-Author name in bold denotes the presenting author
-Asterisk * with author name denotes a Non-ASH member
Clinically Relevant Abstract denotes an abstract that is clinically relevant.

PhD Trainee denotes that this is a recommended PHD Trainee Session.

Ticketed Session denotes that this is a ticketed session.

3047 A Comparative Analysis of Patient Experience and Patient-Doctor Communication in Patients with Lymphoma and CLL: Clinical Trials Versus Non-Clinical Trials

Program: Oral and Poster Abstracts
Session: 905. Outcomes Research—Lymphoid Malignancies: Poster II
Hematology Disease Topics & Pathways:
Clinical Practice (e.g. Guidelines, Health Outcomes and Services, and Survivorship, Value; etc.)
Sunday, December 12, 2021, 6:00 PM-8:00 PM

Olufunmilayo A Bamigbola, MBBS, MSc (Epid)1* and Lorna E Warwick, BA, B Ed2*

1Research, Lymphoma Coalition, Mississauga, ON, Canada
2Management, Lymphoma Coalition, Mississauga, ON, Canada

Introduction

Clinical trials are essential in ensuring that new treatments are safe and effective and are also a way to improve standard of care. Patients enrolled in clinical trials receive optimal clinical care due to the close management included in trial design. Using the 2020 Lymphoma Coalition (LC) Global Patient Survey (GPS) on Lymphomas and CLL, this study aims to provide insight to the experience of patients with lymphoma and CLL who have participated in a clinical trial compared to those who have not. This study will focus on 1) their experience and disease management 2) their involvement in healthcare decision-making, and 3) communication with their doctors.

Methodology

Globally, 11,878 respondents made up of 9,179 patients and 2,699 caregivers took part (90+ countries) in the LC 2020 GPS. This analysis compared a subgroup of patients with lymphoma or CLL who had been in a clinical trial (n=939) (‘CT patients’) against a subgroup of patients who had never been in a clinical trial, but who received or were currently receiving any form of treatment for their lymphoma/CLL (n=5079) (‘non-CT patients’).

Demographics of both patient groups were examined, and questions relating to patients’ disease management and experiences, decision-making, and patient-doctor communication were analysed. Univariate and bivariate analysis were completed as needed, and the statistical analyses were performed with IBM SPSS v27.

Results

CT patients were significantly different from non-CT patients in age-grouping, sex, and subtype distribution (Table 1). CT patients had a higher proportion of older respondents (60-69 and 70+ yrs combined) compared to non-CT patients (48% vs 40%, respectively), and over half of CT patients (51%) were males compared to the non-CT group (42%).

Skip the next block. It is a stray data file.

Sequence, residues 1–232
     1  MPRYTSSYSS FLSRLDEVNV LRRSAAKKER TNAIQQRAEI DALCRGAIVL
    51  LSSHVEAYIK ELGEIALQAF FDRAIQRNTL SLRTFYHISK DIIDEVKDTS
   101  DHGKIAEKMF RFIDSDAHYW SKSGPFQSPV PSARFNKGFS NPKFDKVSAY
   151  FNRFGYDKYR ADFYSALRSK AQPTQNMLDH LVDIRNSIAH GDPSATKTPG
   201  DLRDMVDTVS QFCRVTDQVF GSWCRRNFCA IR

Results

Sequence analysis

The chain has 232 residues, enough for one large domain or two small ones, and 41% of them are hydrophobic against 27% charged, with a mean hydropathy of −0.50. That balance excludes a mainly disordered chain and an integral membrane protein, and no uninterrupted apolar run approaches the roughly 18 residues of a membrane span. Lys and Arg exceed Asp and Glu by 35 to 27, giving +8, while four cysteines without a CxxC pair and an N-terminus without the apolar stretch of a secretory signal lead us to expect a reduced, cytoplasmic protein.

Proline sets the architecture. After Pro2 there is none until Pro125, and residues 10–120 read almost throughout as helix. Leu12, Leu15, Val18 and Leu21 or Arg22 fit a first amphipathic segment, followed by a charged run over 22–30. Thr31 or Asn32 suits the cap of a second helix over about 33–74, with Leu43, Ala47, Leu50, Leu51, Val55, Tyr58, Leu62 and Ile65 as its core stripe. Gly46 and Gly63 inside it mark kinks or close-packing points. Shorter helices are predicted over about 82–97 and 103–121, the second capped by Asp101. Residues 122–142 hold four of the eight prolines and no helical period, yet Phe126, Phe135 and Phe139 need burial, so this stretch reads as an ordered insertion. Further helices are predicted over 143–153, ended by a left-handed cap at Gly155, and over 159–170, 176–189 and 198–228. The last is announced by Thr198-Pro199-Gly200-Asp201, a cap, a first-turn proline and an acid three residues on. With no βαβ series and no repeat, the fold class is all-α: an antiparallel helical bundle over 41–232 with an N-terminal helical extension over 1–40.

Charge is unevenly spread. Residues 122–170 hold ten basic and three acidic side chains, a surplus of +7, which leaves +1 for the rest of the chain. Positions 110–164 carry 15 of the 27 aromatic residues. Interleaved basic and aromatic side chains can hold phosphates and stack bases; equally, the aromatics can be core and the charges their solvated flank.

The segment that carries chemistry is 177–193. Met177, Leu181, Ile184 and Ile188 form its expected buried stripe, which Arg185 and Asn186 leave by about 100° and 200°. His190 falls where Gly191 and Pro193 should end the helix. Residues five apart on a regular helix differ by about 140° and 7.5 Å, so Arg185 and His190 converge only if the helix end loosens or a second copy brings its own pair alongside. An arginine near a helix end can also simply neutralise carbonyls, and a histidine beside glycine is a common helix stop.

Patients were asked to indicate how much they agree or disagree with statements relating to their experience and disease management. CT patients were 54% more likely to agree than disagree that they know what their prescribed medicines do, compared to non-CT patients [OR=1.54 (1.1-2.0); p=0.002] (Table 2). They were also 47% more likely than non-CT patients to agree than disagree that they were confident in their ability to get information from doctor [OR=1.47(1.1-2.0); p=0.01] (Table 2). Although not statistically significant, CT patients were also more prevalent in reporting that they understood their doctor’s advice and treatment plans, and that they are confident in finding reliable information about their lymphoma/CLL, compared to non-CT patients (Table 2).

Patients were asked if they are involved as much as they want to be in decisions about their care and treatment (Table 2). More patients in the CT group (58%) were sure that they were as involved in decisions about their care and treatment, as much as they wanted to be, compared to non-CT patients (51%) (p<0.001). CT patients were also more prevalent (34%) in reporting that they have talked to their doctors about wanting to change their treatment to better meet their needs within the last 2 years compared to non-CT patients (24%) (p<0.001). These differences are statistically significant (Table 2).

When asked about patient-doctor communication, CT patients were 40% more likely to report having good conversations with their doctor about their care and treatment plans [OR=1.40 (1.03-1.9); p=0.03], 70% more likely to be confident in communicating their concerns to the doctor [OR=1.70 (1.2-2.4); p=0.002], and twice as likely to discuss their treatment side effects with their doctors compared to non-CT patients [OR=2.20(1.4-3.6); p<0.001] (Table 2).

Conclusion

The results show that patients with lymphoma or CLL who have been in a clinical trial generally reported being more involved in their healthcare decision-making and being more confident and having better conversations in their interaction with their doctors, compared to those patients who have never been in a clinical trial. These differences may be because patients in clinical trials have an increased accessibility to their health teams, which encourages more patient/doctor communication.

LC advocates for all patients to be informed of clinical trials they may qualify for and encourages the same level of communication between patients and doctors that occurs in a clinical trial in all patient-doctor interactions. In the future, LC would also like to explore how demographic differences may have confounded results.

Disclosures: No relevant conflicts of interest to declare.

*signifies non-member of ASH